The dichroic mirror 30 is an interference filter that reflects the spectral band passed by filter 16A over the range of incidence angles shown in FIG. 2, and transmits the spectral band passed by filter 16B over the same range of incidence angles. The transmittance of the dichroic mirror at a given wavelength is dependent on the angle of incidence of the beam, and hence, the spectrum of light passed by filters 16A and 16B must be chosen carefully to achieve uniform color on the display screen.
FIG. 3 shows the characteristic of the dichroic mirror at the minimum 40 and maximum 42 angles of the incidence of the beam along with the characteristic 44 of filter 16A and the characteristic 46 of filter 16B. The passbands 48 and 50 of the two filters must be outside of the transition range 52 of the dichroic mirror. Thus, a display with a narrow projection angle and hence a narrow range of incidence angles on the dichroic mirror, will allow broader spectra 48,50 for the color filters.
Many alternate configurations are possible within the scope of this invention. The angle between the plane of the light valve 18 and that of the screen 34 is determined by the position and angles of the three mirrors 26, 28 and 30. In the example shown, the screen is perpendicular to the plane of the light valve. In alternate configurations with one or more additional plane mirrors positioned either before or after the dichroic mirror, the screen may be placed parallel to the light valve or at any other desired angle.
Whereas the example in FIG. 2 shows the use of two separate light sources, it would be possible to use a single source with an appropriate collimating lens, dichroic beam splitter and folding mirrors to create the two colored illumination beams.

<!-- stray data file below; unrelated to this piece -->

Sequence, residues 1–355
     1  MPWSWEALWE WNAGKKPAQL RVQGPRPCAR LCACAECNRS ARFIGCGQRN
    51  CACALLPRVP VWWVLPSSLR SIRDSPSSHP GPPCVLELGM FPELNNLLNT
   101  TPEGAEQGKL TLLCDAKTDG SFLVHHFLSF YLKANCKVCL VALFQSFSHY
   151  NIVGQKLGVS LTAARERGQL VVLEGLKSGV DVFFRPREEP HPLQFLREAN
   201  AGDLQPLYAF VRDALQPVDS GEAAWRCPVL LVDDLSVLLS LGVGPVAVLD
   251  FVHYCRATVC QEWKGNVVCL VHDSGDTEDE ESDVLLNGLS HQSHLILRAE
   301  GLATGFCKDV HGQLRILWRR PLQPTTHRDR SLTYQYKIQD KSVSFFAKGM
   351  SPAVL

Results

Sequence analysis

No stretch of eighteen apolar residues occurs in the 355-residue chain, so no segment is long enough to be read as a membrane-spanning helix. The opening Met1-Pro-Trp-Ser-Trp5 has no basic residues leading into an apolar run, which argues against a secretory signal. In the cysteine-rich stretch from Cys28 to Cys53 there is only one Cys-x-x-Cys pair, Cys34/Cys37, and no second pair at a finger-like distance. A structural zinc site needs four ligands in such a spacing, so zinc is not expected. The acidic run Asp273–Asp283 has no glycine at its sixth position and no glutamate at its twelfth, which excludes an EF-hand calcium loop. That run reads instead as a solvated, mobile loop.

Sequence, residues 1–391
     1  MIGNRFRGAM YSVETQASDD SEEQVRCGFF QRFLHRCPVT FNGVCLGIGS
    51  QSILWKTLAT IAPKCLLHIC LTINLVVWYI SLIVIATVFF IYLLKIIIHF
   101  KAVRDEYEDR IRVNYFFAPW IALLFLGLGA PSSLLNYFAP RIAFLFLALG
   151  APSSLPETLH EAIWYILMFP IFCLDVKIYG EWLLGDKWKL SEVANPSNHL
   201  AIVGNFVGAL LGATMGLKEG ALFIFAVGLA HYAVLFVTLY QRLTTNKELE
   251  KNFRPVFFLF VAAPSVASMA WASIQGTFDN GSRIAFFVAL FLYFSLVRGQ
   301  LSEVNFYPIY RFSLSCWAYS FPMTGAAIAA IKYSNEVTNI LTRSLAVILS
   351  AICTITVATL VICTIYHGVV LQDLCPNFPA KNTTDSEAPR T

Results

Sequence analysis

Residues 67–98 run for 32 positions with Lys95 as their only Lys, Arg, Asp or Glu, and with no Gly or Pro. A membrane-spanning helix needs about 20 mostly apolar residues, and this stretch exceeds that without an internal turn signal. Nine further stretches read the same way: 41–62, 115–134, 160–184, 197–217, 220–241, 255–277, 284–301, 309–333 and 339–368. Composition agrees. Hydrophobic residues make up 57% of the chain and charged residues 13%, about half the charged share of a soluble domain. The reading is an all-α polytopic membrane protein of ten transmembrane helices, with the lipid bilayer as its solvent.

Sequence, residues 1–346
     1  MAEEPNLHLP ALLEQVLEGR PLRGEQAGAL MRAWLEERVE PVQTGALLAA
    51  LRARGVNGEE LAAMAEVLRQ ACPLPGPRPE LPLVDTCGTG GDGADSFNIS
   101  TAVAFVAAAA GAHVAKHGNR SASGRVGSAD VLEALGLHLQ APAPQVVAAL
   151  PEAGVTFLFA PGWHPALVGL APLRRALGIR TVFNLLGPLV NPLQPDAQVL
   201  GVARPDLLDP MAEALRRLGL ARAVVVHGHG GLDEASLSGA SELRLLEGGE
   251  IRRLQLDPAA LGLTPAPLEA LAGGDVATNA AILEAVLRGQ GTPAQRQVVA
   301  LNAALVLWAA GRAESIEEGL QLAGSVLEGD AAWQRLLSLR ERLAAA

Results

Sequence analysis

Although preferred embodiments have been described, it is understood that numerous variations may be made in accordance with the principles of this invention.
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|US4150396 *||Mar 3, 1977||Apr 17, 1979||Thomson-Csf||Erasable thermo-optic storage display of a transmitted color image|
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|IT317219A *||Title not available|
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|2||*||IBM Technical Disclosure Bulletin, vol. 21, No. 3, Aug. 1978, A. G. Dewey, Image Overlay with Single Projection Lens.|
|Citing Patent||Filing date||Publication date||Applicant||Title|
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|US4826311 *||Oct 15, 1987||May 2, 1989||Hughes Aircraft Company||Prism assembly with three periscopes and projection lenses for a single light valve full-color projector|
|US5079544 *||Feb 27, 1989||Jan 7, 1992||Texas Instruments Incorporated||Standard independent digitized video system|
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|EP0519774A1 *||May 21, 1992||Dec 23, 1992||Nippon Telegraph And Telephone Corporation||Projector|
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|U.S. Classification||353/31, 353/94, 348/E09.027, 353/99|
|International Classification||H04N9/31, G02B27/18, G02F1/1335, G02F1/133, G02B27/00|
|Cooperative Classification||H04N9/3105, H04N9/3164|
|European Classification||H04N9/31R5M, H04N9/31A1, H04N9/31V|
|Jun 29, 1984||AS||Assignment|
Owner name: INTERNATIONAL BUSINESS MACHINES CORPORATION, ARMON
Free format text: ASSIGNMENT OF ASSIGNORS INTEREST.;ASSIGNOR:DEWEY, ANTHONY G.;REEL/FRAME:004279/0860
Effective date: 19840629
|Feb 21, 1989||FPAY||Fee payment|
Year of fee payment: 4
|Mar 25, 1993||FPAY||Fee payment|
Year of fee payment: 8
|Jun 17, 1997||REMI||Maintenance fee reminder mailed|
|Nov 9, 1997||LAPS||Lapse for failure to pay maintenance fees|
|Jan 20, 1998||FP||Expired due to failure to pay maintenance fee|
Effective date: 19971112